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Laboratory evaluation of laser-induced breakdown spectroscopy (LIBS) as a new in situ chemical sensing technique for the deep ocean

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dc.contributor.advisor Alan D. Chave and Alexandra H. Techet. en_US
dc.contributor.author Michel, Anna Pauline Miranda, 1976- en_US
dc.contributor.other Woods Hole Oceanographic Institution. en_US
dc.date.accessioned 2008-09-03T15:15:41Z
dc.date.available 2008-09-03T15:15:41Z
dc.date.copyright 2007 en_US
dc.date.issued 2007 en_US
dc.identifier.uri http://hdl.handle.net/1721.1/42296
dc.description Thesis (Ph. D.)--Joint Program in Oceanography/Applied Ocean Science and Engineering (Massachusetts Institute of Technology, Dept. of Mechanical Engineering; and the Woods Hole Oceanographic Institution), 2007. en_US
dc.description Includes bibliographical references. en_US
dc.description.abstract Present-day expeditionary oceanography is beginning to shift from a focus on short-term ship and submersible deployments to an ocean observatory mode where long-term temporally-focused studies are feasible. As a result, a critical need for in situ chemical sensors is evolving. New sensors take a significant amount of time to develop; thus, the evaluation of techniques in the laboratory for use in the ocean environment is becoming increasingly important. Laser-induced breakdown spectroscopy (LIBS) possesses many of the characteristics required for such in situ chemical sensing, and is a promising technique for field measurements in extreme environments. Although many LIBS researchers have focused their work on liquid jets or surfaces, little attention has been paid to bulk liquid analysis, and especially to the effect of oceanic pressures on LIBS signals. In this work, laboratory experiments validate the LIBS technique in a simulated deep ocean environment to pressures up to 2.76 x 10⁷ Pa. A key focus of this work is the validation that select elements important for understanding hydrothermal vent fluid chemistry (Na, Ca, Mn, Mg, K, and Li) are detectable using LIBS. A data processing scheme that accurately deals with the extreme nature of laser-induced plasma formation was developed that allows for statistically accurate comparisons of spectra. The use of both single and double pulse LIBS for high pressure bulk aqueous solutions is explored and the system parameters needed for the detection of the key analytes are optimized. Using both single and double pulse LIBS, the limits of detection were found to be higher than expected as a result of the spectrometer used in this experimentation. However, the results of this validation show that LIBS possesses the characteristics to be a viable chemical sensing method for in situ analyte detection in high pressure environments like the deep ocean. en_US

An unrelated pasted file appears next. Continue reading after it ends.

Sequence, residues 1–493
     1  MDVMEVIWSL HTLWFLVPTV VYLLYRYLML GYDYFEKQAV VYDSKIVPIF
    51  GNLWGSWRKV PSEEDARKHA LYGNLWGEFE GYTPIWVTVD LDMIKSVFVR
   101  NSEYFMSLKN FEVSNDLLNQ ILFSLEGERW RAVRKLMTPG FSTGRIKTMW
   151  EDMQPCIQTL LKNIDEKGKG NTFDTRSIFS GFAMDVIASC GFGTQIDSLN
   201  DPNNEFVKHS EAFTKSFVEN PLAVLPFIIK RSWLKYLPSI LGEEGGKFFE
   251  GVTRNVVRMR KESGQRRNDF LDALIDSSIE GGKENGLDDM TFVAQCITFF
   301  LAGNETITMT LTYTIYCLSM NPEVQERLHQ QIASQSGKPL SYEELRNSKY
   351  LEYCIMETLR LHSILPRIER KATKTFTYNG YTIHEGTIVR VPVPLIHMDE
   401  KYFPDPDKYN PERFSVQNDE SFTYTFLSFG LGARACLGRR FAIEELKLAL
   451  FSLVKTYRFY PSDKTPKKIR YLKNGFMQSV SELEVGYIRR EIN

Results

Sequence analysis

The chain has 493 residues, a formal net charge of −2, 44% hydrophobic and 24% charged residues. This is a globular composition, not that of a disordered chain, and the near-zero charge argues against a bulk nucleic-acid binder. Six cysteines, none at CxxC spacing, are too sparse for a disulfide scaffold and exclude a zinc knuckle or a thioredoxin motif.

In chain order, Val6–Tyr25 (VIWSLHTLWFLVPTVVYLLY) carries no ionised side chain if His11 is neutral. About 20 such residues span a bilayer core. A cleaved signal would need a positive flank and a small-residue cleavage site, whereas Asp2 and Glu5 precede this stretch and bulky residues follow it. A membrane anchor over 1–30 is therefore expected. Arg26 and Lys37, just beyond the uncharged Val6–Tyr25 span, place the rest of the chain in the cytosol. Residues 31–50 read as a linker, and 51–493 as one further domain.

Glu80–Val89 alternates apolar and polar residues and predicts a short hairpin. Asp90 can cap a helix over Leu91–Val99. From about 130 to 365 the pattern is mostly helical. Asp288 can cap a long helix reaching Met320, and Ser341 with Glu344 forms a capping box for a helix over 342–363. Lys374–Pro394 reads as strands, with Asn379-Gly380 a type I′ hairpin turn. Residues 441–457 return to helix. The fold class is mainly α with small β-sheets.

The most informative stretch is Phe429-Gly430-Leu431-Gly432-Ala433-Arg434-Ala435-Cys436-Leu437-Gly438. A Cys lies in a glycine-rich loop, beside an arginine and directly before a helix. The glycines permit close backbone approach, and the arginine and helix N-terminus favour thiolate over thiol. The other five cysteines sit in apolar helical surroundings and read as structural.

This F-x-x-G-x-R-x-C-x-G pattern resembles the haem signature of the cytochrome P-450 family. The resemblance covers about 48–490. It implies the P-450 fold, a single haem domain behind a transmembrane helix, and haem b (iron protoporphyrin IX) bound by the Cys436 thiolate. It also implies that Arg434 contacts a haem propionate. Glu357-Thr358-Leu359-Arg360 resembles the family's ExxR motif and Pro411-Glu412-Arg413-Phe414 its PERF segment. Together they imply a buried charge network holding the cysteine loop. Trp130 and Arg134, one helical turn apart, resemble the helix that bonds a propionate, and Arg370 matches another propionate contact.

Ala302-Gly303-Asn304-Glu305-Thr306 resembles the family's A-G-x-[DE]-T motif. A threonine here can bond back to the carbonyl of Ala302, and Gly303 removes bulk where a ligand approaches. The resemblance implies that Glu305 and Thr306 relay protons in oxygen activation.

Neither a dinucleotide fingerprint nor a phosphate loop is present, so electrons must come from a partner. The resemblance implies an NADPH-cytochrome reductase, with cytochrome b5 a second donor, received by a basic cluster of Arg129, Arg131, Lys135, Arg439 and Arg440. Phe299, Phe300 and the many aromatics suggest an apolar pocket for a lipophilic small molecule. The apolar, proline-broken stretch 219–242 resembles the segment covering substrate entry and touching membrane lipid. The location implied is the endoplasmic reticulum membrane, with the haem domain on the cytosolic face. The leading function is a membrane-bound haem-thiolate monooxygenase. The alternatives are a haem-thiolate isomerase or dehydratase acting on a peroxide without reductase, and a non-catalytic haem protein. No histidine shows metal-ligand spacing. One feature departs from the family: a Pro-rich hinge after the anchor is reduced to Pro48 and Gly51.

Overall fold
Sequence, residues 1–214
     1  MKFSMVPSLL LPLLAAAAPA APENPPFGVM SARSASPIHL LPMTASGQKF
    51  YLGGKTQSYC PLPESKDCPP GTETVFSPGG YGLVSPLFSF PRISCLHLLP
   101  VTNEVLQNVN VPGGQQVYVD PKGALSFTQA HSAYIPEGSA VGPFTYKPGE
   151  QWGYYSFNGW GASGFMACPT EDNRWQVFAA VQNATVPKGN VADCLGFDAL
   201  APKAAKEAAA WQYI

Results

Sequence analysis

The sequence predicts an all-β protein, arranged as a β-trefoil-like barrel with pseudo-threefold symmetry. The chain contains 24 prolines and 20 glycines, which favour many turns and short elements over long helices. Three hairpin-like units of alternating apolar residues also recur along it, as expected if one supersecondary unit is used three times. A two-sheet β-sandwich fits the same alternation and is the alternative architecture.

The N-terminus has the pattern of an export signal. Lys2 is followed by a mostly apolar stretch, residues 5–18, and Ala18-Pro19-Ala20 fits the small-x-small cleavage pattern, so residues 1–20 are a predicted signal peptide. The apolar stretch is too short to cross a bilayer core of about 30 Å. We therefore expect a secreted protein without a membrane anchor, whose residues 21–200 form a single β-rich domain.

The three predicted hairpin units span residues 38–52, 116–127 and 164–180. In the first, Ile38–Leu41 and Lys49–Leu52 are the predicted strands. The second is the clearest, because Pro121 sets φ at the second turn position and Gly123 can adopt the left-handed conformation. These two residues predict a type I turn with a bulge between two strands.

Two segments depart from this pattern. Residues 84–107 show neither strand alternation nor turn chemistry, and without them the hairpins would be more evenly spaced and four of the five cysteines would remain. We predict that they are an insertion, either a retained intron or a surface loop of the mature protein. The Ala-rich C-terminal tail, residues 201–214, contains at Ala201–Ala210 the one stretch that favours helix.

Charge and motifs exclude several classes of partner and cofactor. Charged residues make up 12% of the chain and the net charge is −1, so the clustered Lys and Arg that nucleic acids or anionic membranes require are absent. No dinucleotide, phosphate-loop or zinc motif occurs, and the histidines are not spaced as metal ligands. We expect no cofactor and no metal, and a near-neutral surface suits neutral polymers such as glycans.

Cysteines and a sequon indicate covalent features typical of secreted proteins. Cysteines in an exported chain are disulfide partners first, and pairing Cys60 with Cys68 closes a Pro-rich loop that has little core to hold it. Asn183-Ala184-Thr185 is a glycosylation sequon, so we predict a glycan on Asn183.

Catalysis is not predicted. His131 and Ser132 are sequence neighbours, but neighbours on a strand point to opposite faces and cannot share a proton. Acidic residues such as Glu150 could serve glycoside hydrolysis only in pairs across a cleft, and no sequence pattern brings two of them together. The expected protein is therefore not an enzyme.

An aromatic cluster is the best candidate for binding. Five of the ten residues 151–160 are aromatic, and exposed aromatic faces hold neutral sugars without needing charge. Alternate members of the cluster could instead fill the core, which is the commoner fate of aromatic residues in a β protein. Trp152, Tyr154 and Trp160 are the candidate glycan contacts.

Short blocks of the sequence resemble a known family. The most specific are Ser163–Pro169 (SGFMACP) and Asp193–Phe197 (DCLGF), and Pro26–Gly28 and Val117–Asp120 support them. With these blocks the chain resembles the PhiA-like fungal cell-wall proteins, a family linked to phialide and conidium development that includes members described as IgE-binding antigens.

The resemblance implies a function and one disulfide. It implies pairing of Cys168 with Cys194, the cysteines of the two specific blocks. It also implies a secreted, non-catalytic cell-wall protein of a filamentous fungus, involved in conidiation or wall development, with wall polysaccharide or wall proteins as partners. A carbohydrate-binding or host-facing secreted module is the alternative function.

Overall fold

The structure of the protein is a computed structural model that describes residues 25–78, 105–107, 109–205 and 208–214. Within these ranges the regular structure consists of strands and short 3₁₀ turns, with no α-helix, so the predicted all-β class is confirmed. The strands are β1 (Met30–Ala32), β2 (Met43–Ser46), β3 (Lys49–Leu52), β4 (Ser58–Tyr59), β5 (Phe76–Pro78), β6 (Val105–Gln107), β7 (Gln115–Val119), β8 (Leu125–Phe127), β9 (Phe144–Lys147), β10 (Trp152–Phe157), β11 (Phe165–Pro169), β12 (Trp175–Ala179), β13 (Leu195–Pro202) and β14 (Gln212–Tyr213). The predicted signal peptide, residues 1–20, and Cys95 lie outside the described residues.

dc.description.statementofresponsibility by Anna Pauline Miranda Michel. en_US
dc.format.extent 173 p. en_US
dc.language.iso eng en_US
dc.publisher Massachusetts Institute of Technology en_US
dc.rights M.I.T. theses are protected by copyright. They may be viewed from this source for any purpose, but reproduction or distribution in any format is prohibited without written permission. See provided URL for inquiries about permission. en_US
dc.rights.uri http://dspace.mit.edu/handle/1721.1/7582 en_US
dc.subject /Woods Hole Oceanographic Institution. Joint Program in Oceanography/Applied Ocean Science and Engineering. en_US
dc.subject Mechanical Engineering. en_US
dc.subject Woods Hole Oceanographic Institution. en_US
dc.subject.lcsh Atomic emission spectroscopy en_US
dc.subject.lcsh Chemical oceanography Instruments en_US
dc.subject.lcsh Hydrothermal vents Research en_US
dc.title Laboratory evaluation of laser-induced breakdown spectroscopy (LIBS) as a new in situ chemical sensing technique for the deep ocean en_US
dc.title.alternative Laboratory evaluation of LIBS as a new in situ chemical sensing technique for the deep ocean en_US
dc.type Thesis en_US
dc.description.degree Ph.D. en_US
dc.contributor.department Joint Program in Oceanography/Applied Ocean Science and Engineering. en_US
dc.contributor.department Massachusetts Institute of Technology. Dept. of Mechanical Engineering. en_US
dc.contributor.department Woods Hole Oceanographic Institution. en_US
dc.identifier.oclc 232358648 en_US


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